by Lar na Pairce
THE big question on everyone’s lips this weekend is whether Kilkenny can win their 34th title or can Galway repeat their Leinster final heroics and capture their fifth All Ireland crown.
Since their defeat in the Leinster final, Kilkenny have recorded victories over Limerick and Tipperary and are now unbackable favourites to collect their ninth title under Brian Cody.
Most pundits are of the belief that Cody will have worked out a master plan to thwart the Tribesmen who gave them a hurling lesson just two short months ago.
Having unveiled the template as to how to discommode the Cats, Galway may be at a slight disadvantage as Cody and co are unlikely to fall into the same trap twice.
In the Leinster decider, Galway managed to isolate the likes of Joe Canning and Cyril Donnellan on Jackie Tyrell and Paul Murphy and they punished them severely.
Will Kilkenny allow this to happen on Sunday? Doubtful. They will attempt to hold their positions and have their forwards drop back to close down the space and then hit Galway on the break.
Back in the 1986 final, Cork adopted a similar approach when Galway played a two man full forward line, a system that had destroyed Kilkenny in the semi-final, and kept Johnny Crowley at corner back, on his own and he went on to win the man of the match award.
That day Galway had no Plan B but surely on Sunday they will have otherwise they will succumb.
Lar na Pairce is not at one with the conventional wisdom that suggests that Kilkenny will exact revenge for July, notwithstanding well-founded doubts about Galway’s ability to self-destruct on hurling biggest day.
With a plethora of under-age titles to their credit, the majority of the Galway players will have played in Croke Park on All Ireland day and this should help.
The knowledge that they can compete and beat Kilkenny will also stand to them but they must take the game to the Cats from the first whistle, stand up to the physical stuff that will undoubtedly ensue and maximise their scoring, especially goal, chances.
No room for errors
Galway will also have to play their own game, secure in the knowledge that it was more than good enough last time out and get the ball into Canning and Donnellan as quickly as possible.
Kilkenny must be hounded all over the field and not let settle.
Mistakes must be kept to a minimum, look how the Cats eviscerated both Limerick and Tipp from basic errors.
Keep Kilkenny from scoring goals, easier said than done I know, but the Cats seldom win without a goal.
Cast your minds back to ’99 and ’04 when Cork limited them to 12 and 9 points respectively, on the way to both titles, and the point is well made.
Should Galway fail to front up and start lethargically as both Limerick and Waterford did in ’07 and ’08 then the game will be over very early on and the Cats will stroll to victory.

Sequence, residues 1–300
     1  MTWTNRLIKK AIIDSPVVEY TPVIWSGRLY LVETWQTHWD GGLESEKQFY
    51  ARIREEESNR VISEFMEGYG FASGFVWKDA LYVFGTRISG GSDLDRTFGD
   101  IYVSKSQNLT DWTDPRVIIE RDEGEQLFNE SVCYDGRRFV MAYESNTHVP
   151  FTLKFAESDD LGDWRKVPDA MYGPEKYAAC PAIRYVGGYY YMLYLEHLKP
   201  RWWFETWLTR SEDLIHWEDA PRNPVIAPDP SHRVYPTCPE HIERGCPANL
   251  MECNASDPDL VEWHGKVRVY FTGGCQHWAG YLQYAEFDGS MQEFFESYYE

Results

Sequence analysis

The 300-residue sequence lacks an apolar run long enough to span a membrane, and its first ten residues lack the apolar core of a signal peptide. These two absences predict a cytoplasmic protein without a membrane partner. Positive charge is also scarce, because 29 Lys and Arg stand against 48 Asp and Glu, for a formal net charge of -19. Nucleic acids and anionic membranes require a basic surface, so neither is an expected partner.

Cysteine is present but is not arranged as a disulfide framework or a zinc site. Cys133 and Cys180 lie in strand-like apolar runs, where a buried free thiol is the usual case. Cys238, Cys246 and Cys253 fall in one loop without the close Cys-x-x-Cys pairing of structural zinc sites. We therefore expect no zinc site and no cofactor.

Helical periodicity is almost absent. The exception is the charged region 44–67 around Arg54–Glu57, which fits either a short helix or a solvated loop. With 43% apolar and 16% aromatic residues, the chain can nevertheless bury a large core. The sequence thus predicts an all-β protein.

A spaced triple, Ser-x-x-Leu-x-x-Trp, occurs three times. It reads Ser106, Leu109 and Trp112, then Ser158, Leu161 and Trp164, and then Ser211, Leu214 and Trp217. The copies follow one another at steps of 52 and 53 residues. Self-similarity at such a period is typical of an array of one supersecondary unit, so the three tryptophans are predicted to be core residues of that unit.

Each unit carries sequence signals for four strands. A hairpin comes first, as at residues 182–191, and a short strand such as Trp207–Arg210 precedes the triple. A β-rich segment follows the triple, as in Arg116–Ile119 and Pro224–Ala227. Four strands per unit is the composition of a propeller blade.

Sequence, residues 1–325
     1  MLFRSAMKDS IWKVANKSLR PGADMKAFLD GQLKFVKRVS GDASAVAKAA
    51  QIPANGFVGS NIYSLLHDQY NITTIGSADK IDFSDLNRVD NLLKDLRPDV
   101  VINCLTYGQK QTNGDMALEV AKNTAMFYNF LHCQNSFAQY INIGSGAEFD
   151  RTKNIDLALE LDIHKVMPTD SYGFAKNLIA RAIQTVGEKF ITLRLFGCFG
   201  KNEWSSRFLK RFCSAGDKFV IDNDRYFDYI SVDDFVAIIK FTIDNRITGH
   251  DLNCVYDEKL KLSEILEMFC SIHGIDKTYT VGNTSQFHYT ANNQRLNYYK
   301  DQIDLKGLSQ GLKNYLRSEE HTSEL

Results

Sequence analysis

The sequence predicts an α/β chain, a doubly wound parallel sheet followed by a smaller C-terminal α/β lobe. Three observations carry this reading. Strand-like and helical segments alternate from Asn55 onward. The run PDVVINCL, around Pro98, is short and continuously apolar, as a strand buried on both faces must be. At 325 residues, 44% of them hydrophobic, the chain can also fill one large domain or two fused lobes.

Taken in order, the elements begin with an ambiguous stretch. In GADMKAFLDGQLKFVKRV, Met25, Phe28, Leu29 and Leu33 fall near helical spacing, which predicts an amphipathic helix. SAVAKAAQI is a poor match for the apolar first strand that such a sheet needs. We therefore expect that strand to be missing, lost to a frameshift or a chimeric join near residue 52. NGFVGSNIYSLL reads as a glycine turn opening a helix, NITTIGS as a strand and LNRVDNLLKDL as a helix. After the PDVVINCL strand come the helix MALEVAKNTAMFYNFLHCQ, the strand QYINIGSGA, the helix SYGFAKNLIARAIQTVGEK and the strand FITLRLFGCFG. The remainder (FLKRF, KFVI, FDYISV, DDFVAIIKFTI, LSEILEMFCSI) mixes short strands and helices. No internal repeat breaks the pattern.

However this scribe believes that Galway have what it takes this time and believes that an insatiable hunger to end 24 years of frustration will propel the Tribesmen to a famous victory.
Donegal v Mayo, who would have thought so when the championship started back in May?
No one I imagine. Still both sides are there on merit and an intriguing final lies in store.
Mayo survived a 20-minute scoring drought to dethrone the Dubs last Sunday but a repeat of that scoring hiatus will result in defeat against Donegal.
Mayo showed great composure, craft and hunger in the opening 50-minutes to out play the champions and deservedly led by 10 points.
However the final 25-minutes, saw a completely different game as Dublin aided by some good substitutions completely dominated and but for a fine save by David Clarke from Bernard Brogan then the champs might have prevailed.
Mayo again exhibited a self-destruct characteristic and will have to eradicate it from their set up if Sam is to return after a 61 years exile.
In fairness to them though their first half performance was superb and their point taking was exemplary.
This long range shooting will have to be repeated in the decider to overcome the suffocating Donegal defence but it is a moot point whether or not they will get as much time and space next time out.
Mayo missed three goal-scoring chances and almost paid the price but survived and deservedly so.
Dublin never once showed the hunger and desire that hallmarked their play last season and without that intensity they were a very average team.
The loss of form of Bernard Brogan and through injury of his brother Alan further militated against their chances and in truth they never looked good enough except in the last 25 minutes when they trailed by 10 points.
Locally Castlehaven overcame fellow West Cork side Newcestown by two points following a low scoring encounter in Dunmanway.
A blistering start that saw them open up a six points lead was critical in the ‘Haven’s win. They now face St Finbarrs in the quarter- final.
The county senior hurling championship saw big wins for CIT and Sarsfields over the ’Barrs and Rockies respectively and with the exit of the latter two and the famed Glen Rovers a week earlier, the decline of the city strongholds continues.
Between them the aforementioned trio hold in excess of 80 county senior titles but 23 years have elapsed since the Glen last triumphed, 19 since the ‘Barrs were successful and a decade since Blackrock reigned supreme.
Something has to be done to restore these strongholds to their former glories as their decline also afflicts the county team.
In our column a few weeks back we opined that Declan Ryan and his management team’s tenure was untenable following the debacle against Kilkenny in the semi-final.
Our comments proved spot on as last weekend Ryan brought an unhappy two-year reign to an end by resigning along with his selectors.
Éamon O’Shea, Liam Sheedy and Nicky English are the early front runners for the position